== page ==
The Dauphin river is illustrated paralleling the northern rim of the St. Martin impact structure as it flows into Lake Winnipeg. Image by the author from C-GOZM.
Red Wing structure – the superimposed circle illustrates the position of the buried crater. This image, aimed looking east at the approximate point of impact, was taken from GO ZooM at approximately 4500 feet AGL. Image by the author from C-GOZM.
  •  IMPACT EJECTA: 

214 Ma – LATE TRIASSIC EJECTA – SW BRITAIN
“The documented late Triassic spherule layer of SW England deposit contains an abundance of spherules, common shocked quartz and a suite of accessory minerals believed to have been derived direct from the impact site. These include garnets, ilmenites, zircons and biotites. Garnets and ilmenites are highly fractured, and biotites show prominent kink bands indicative of shock” (Thackrey 2009) .

“The Late Triassic ejecta deposit of SW Britain where impact melt spherules have been completely altered to clay. Radiogenic dating of this deposit  shocked biotites (observed exclusively in this Late Triassic ejecta deposit) yielded ages consistent with the Grenvillian target rocks at Manicouagan” (Thackrey 2009).
  • IRIDIUM (Ir) CONCENTRATIONS:

“New analyses confirms Ir enrichment (up to 0.31 ng/g) in close proximity to the palynological Triassic–Jurassic boundary in strata near the top of the Blomidon Formation at Partridge Island, Nova Scotia. High Ir concentrations have been found in at least two samples within the uppermost 70 cm of the formation. There is enrichment of some  platinum group elements (including Ir) and transition group elements in strata that occur at, and in close stratigraphic proximity to, the horizon of palynological turnover that is interpreted as the Triassic–Jurassic boundary in the Fundy basin” (Tanner 2005).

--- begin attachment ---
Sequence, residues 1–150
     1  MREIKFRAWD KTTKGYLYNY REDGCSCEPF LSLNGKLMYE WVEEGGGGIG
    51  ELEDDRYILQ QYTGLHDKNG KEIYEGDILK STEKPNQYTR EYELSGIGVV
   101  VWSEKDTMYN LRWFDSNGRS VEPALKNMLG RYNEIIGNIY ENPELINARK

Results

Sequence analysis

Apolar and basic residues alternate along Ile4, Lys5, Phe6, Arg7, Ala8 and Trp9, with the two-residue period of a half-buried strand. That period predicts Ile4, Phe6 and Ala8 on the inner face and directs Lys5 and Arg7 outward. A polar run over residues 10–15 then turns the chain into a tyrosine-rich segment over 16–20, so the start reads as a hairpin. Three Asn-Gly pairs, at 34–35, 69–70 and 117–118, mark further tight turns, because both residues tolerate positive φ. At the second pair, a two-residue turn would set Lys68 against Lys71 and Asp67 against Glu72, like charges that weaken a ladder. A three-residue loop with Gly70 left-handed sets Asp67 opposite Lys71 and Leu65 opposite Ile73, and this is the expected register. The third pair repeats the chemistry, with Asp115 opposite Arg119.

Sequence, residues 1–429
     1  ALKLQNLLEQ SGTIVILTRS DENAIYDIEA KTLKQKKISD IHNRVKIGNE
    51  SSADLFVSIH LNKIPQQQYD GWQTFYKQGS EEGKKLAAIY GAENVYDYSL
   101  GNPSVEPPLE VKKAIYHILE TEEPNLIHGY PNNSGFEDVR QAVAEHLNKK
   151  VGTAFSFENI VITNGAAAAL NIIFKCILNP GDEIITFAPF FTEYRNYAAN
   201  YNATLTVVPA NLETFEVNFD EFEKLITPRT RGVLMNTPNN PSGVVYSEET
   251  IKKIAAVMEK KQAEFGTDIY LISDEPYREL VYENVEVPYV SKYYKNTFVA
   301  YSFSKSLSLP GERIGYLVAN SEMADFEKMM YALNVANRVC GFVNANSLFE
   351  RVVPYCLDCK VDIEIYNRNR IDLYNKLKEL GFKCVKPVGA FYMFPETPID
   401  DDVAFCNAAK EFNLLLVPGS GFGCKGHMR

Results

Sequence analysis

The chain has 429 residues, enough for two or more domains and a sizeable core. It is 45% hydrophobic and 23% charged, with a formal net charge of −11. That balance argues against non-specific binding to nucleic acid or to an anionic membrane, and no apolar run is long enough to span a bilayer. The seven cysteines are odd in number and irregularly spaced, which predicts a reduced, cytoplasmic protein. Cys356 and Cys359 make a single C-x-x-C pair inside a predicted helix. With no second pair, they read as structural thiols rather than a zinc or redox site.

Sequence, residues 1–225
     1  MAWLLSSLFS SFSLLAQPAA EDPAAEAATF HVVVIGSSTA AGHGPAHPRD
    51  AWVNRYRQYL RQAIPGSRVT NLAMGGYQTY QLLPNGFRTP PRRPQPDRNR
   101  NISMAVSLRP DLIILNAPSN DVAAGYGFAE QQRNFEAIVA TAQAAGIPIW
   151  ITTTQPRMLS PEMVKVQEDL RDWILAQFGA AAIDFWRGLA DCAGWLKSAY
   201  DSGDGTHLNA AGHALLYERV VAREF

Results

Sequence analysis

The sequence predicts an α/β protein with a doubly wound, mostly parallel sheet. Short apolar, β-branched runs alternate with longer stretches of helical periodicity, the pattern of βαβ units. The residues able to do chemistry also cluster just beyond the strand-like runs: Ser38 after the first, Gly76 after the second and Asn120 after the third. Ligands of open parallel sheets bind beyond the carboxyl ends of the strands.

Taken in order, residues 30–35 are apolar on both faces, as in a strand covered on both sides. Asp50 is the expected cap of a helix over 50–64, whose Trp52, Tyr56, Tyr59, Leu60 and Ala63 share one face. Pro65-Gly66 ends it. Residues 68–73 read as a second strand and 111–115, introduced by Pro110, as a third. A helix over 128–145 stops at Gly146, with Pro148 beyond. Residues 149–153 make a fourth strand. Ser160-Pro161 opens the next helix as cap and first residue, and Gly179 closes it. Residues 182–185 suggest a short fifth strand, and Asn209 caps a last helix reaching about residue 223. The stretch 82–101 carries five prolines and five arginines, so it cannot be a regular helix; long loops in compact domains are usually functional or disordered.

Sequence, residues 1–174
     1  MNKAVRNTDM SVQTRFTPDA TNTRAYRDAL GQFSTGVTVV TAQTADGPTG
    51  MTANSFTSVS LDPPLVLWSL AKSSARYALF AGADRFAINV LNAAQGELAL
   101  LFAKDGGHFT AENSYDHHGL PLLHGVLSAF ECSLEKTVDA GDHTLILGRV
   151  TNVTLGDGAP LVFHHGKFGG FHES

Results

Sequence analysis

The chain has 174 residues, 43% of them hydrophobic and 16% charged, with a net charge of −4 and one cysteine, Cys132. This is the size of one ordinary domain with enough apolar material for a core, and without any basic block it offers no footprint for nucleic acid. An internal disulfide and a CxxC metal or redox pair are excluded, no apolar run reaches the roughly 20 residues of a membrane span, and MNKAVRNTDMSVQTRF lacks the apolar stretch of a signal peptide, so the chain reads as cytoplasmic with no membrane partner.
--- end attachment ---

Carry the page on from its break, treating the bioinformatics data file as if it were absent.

Lithostratigraphy of the uppermost meter of the Blomidon Formation and Ir concentrations determined by NAA and ICP-MS analyses. Sample identification numbers demarcate the depth (in centimeters) below the contact with the North Mountain Basalt of the top of the 5-cm sample interval. Ir is plotted as the mid-point of the sample interval. TJB=position of Triassic–Jurassic boundary as determined by palynology [12]. NA=sample not analyzed; BD=concentration below detection limit.
  • VOLCANIC ACTIVITY:

Two volcanic episodes in the Triassic are significant to dinosaur evolution:

1. “The Central Atlantic Magmatic Province (CAMP) is the Earth’s largest continental large igneous province, covering an area of roughly 11 million km2. It is composed mainly of basalt that formed prior to the breakup of Pangaea near the end of the Triassic and the beginning of the Jurassic periods.

The Tr-J multi-sized impact events formed prior to commencement of the CAMP volcanic episode by several million years.

214 Ma – CENTRAL ATLANTIC MAGMATIC PROVINCE (CAMP) and BAY OF FUNDY

Widespread eruptions of flood basalts of the Central Atlantic Magmatic Province (CAMP) were synchronous with or slightly postdate the Late Triassic boundary” (Tanner 2004).

“Location and geologic map of the study area in the Fundy basin. Samples analyzed in this study were collected from Partridge Island, near Parrsboro, Nova Scotia” (Tanner 2005).